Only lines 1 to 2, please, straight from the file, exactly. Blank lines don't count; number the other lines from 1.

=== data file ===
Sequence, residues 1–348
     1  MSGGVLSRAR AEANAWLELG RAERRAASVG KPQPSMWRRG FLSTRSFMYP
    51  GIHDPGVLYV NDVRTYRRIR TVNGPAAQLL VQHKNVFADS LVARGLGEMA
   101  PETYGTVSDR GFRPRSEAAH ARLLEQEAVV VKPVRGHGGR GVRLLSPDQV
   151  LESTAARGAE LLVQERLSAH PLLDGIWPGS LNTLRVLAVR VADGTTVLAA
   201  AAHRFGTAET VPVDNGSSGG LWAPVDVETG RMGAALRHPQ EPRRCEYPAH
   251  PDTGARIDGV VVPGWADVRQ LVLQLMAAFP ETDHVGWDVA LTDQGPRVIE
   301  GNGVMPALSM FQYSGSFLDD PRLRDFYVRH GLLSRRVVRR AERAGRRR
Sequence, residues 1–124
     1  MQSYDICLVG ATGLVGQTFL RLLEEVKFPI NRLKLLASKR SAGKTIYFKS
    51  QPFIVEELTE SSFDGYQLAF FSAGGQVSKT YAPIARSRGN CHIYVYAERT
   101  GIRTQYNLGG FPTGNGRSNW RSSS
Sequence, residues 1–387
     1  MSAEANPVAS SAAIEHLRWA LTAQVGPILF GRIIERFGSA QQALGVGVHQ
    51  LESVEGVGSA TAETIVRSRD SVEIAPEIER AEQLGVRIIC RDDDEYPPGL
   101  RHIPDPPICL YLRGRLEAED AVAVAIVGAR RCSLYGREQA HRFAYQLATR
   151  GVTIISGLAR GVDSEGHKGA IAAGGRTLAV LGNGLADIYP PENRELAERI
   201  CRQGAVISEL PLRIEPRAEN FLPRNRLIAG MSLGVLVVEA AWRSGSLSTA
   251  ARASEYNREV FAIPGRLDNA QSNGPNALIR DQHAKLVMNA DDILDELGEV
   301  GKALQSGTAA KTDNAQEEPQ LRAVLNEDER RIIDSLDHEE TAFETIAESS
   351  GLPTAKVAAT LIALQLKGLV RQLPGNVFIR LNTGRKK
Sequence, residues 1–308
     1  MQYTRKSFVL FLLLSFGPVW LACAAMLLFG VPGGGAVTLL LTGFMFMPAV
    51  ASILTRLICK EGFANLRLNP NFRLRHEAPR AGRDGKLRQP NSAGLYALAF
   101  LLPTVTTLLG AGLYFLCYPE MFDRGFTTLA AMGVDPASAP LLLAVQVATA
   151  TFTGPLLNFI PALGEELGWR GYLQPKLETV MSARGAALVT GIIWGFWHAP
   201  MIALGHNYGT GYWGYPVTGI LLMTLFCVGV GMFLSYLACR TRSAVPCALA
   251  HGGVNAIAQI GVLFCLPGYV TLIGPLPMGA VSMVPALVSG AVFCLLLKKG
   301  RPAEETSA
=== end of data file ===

Sequence, residues 1–348
     1  MSGGVLSRAR AEANAWLELG RAERRAASVG KPQPSMWRRG FLSTRSFMYP